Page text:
You know those word association tests, where someone says a word or phrase and you’re supposed to reply with whatever comes to mind? If we were to do a form of that, and said “American Indians” or “Native Americans,” chances are very high that a monolithic image is what comes to mind. The image will include feathers, a tipi, a buffalo herd, and maybe a totem pole. Pause your reading for a minute and do an image search on the web, using “American Indian” or “Native American” as your search words. See what I mean? That imagery is everywhere, and it is powerful, and it is a problem.
If you ask a Native person how they wish to be described, they’re likely to tell you they want you to tell your students what their tribal affiliation is, rather than the generic “American Indian” or “Native American” phrases. That request is important for several reasons. It dispels the image of the monolithic Indian but it also adds knowledge about a specific nation.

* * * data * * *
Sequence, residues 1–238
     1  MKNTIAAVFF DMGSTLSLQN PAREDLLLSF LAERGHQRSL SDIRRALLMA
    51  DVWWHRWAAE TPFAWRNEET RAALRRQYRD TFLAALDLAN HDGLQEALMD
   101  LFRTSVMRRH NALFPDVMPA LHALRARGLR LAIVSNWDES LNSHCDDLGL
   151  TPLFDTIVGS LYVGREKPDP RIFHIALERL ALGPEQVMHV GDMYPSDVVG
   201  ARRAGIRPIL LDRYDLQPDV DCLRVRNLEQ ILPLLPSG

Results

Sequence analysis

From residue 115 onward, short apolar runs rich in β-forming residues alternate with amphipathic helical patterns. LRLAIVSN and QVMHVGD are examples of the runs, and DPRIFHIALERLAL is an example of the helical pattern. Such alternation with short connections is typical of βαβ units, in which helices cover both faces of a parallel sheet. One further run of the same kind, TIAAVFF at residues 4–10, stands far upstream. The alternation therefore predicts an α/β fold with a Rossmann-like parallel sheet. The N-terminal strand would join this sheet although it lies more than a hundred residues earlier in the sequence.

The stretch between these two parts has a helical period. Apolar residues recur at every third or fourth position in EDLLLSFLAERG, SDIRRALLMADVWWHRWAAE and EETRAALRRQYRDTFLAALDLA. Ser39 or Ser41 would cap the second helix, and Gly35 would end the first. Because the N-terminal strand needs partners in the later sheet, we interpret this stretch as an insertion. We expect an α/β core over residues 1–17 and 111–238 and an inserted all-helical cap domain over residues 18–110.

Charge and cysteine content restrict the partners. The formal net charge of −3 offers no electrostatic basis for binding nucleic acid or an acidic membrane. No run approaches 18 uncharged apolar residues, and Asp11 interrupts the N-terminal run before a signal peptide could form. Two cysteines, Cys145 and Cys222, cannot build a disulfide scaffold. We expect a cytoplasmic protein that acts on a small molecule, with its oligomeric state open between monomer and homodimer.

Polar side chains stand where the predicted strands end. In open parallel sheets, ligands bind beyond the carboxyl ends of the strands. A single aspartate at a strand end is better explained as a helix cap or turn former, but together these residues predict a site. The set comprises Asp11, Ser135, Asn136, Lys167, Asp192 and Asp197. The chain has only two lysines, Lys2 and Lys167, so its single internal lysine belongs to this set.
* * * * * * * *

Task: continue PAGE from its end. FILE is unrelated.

Let’s look at Cynthia Leitich Smith’s picture book, Jingle Dancer.
In the author’s note, Smith wrote “Jenna [the main character] is a member of the Muscogee Creek Nation.” In her own bio, Smith writes that she’s an enrolled member of the Muscogee Nation. That information can be shared with kids when a teacher decides to use Jingle Dancer. The teacher can show kids a picture of Smith, saying “Here is a photograph of Cynthia Leitich Smith.” And, she can pull down a map and say “Here’s where the Muscogee Nation is located” and, using a computer and projector (or smart board) she can say “and here is the Muscogee Nation’s website.” Doing all of that provides kids with a lot of present-tense information that challenges the pervasive idea that Native peoples are of-the-past.